Menon's Book Examines Shakespeare through Queer Theory
The intersection of Shakespeare’s texts and queer theory is the subject of Shakesqueer: A Queer Companion to the Complete Works of Shakespeare (Duke University Press, 2011), a new volume edited by literature professor Madhavi Menon.
Queer theory challenges the ideas of natural and immutable identity and proposes that our identities are neither fixed nor defined by a single characteristic.
Menon challenges the analytical approach that most Shakespearean scholars specializing in queer theory take to the Bard’s texts.
“One of the things I’m interested in is temporality and how or why Shakespeare, from the 16th and early 17th centuries, can talk to a phenomenon that got codified only in the 20th century,” she says. “Clearly, there cannot be a relationship if we think of chronology or of history as separated into discrete compartments, such that every century is contained within itself. There has to be some kind of conversation across time.”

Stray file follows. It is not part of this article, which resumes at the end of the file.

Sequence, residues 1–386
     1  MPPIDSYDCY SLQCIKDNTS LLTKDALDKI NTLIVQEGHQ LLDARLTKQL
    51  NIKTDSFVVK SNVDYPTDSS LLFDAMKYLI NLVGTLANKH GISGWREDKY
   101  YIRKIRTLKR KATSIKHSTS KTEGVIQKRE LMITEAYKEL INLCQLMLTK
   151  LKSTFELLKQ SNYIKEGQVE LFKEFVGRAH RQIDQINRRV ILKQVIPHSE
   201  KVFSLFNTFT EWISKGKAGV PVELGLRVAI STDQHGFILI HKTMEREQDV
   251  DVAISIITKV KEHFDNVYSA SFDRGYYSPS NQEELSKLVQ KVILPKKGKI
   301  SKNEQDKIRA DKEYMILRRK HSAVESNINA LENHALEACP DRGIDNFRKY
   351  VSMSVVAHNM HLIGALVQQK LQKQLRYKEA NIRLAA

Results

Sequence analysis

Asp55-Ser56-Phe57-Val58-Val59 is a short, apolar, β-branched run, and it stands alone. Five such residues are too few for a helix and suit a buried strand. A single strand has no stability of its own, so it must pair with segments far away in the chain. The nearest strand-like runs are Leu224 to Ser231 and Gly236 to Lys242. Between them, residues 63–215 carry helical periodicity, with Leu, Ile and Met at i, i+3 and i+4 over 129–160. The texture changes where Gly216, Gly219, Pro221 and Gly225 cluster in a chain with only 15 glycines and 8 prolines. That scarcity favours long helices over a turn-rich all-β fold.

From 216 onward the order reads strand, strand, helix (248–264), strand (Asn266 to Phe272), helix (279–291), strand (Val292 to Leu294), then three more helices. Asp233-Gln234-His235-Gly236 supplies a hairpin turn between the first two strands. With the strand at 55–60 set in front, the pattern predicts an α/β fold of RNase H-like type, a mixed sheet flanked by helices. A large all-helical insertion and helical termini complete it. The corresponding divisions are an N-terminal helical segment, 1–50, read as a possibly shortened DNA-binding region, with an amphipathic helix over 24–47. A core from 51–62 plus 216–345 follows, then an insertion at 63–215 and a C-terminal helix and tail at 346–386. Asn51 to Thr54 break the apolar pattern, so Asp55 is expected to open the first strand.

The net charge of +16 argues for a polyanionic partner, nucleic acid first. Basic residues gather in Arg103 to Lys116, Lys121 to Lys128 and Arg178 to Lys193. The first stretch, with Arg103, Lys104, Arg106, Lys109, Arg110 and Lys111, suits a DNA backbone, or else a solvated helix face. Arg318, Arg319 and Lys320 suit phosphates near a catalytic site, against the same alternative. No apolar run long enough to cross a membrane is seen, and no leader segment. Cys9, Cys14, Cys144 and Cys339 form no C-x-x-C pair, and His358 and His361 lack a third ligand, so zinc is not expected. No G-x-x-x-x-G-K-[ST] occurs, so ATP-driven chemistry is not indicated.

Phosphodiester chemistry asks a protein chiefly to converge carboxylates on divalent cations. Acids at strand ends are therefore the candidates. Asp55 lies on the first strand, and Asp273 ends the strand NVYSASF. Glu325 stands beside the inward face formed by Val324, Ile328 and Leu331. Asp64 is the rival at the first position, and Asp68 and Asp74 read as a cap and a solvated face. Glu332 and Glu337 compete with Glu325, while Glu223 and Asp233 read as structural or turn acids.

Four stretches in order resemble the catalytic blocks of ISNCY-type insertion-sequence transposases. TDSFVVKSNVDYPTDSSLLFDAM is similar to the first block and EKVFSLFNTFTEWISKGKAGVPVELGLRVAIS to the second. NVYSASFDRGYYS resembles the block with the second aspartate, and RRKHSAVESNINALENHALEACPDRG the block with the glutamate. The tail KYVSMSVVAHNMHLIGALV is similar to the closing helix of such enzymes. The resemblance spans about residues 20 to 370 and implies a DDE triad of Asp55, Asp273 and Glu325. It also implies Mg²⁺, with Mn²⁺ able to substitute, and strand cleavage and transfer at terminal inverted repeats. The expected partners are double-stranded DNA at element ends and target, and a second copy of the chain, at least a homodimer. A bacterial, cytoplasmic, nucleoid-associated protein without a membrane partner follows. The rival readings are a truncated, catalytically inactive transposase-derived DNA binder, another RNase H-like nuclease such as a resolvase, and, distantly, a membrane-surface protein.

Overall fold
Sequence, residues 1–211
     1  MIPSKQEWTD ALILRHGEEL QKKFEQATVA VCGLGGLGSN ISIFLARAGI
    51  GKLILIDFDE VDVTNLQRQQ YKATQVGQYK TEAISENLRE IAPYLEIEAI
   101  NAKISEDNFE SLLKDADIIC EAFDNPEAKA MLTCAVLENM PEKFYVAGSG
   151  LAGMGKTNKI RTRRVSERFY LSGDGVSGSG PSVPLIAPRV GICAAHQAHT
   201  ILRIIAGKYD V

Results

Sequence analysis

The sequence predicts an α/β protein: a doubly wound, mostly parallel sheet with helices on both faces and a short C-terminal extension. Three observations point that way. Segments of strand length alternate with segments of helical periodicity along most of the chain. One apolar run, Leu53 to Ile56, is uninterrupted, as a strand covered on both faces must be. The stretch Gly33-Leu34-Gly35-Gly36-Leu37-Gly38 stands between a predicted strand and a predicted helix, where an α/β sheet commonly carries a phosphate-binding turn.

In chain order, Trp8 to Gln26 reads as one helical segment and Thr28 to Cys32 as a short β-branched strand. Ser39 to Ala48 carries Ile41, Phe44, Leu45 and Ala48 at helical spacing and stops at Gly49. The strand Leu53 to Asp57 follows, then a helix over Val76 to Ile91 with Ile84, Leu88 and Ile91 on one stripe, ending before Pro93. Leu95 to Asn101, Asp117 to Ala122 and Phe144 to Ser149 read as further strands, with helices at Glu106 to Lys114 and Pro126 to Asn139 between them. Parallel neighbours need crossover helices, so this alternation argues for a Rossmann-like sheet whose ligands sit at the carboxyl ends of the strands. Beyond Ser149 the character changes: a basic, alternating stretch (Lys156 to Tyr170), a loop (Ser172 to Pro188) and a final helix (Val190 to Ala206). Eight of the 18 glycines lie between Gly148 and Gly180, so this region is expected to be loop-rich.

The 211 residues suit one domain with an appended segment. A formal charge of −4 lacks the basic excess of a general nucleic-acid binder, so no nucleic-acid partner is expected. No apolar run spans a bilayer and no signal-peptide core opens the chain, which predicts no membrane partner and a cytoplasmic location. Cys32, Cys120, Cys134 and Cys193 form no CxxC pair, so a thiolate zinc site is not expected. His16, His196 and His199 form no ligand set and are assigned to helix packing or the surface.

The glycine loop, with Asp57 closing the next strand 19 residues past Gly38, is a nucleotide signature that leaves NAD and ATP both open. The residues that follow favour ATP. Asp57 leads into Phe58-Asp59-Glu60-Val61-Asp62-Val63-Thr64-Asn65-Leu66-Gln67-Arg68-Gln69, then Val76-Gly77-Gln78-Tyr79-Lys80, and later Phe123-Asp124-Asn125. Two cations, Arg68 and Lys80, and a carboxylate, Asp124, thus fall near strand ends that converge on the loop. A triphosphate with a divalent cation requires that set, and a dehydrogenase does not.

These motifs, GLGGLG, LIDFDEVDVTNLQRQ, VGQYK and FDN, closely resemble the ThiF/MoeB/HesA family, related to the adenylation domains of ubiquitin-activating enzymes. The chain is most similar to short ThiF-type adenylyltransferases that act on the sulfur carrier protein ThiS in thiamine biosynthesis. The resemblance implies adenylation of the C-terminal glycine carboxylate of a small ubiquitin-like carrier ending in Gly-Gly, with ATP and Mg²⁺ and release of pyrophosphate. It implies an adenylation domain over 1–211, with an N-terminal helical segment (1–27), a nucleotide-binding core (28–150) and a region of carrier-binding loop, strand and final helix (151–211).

The book project grew out of Menon’s Shakesqueer course at AU. In the process of compiling a list of essays for the syllabus, she amassed the foundation of an anthology. Menon approached scholars who identified themselves as queer theorists rather than as specialists in narrower fields of chronological study.
“I want the conversation to take place on a broad scale,” she says. “Otherwise, we quarantine off areas of thought, periods of foment. The reason we still study Shakespeare is because his works are compelling in their seemingly endless depth. Why, then, should we say we cannot bring our knowledge generated today to bear on a text from 400 years ago?”
Menon asked the authors to theorize their texts and the stakes of their argument rather than build a critical apparatus around their ideas. While this is standard procedure for most critical essays, she says that she wanted people to write polemical, short, and pointed essays that would get immediately to what might be queer about a text.
“I wanted to unburden people from having to grapple with centuries of criticism on a play or poem. A lot of my contributors were really intrigued by the idea of cutting to the chase. And that’s why the caliber of these essays is really high.”
Menon’s publisher has been exploring ways to market Shakesqueer as a textbook. Although it would be hard to cover 48 essays in one course, Menon hopes that the book will be helpful to students after the semester ends.
“This will give people a resource in terms of the kind of queer theory that can be done,” she says. “Just as an exemplary theoretical text, it’s going to be very useful.”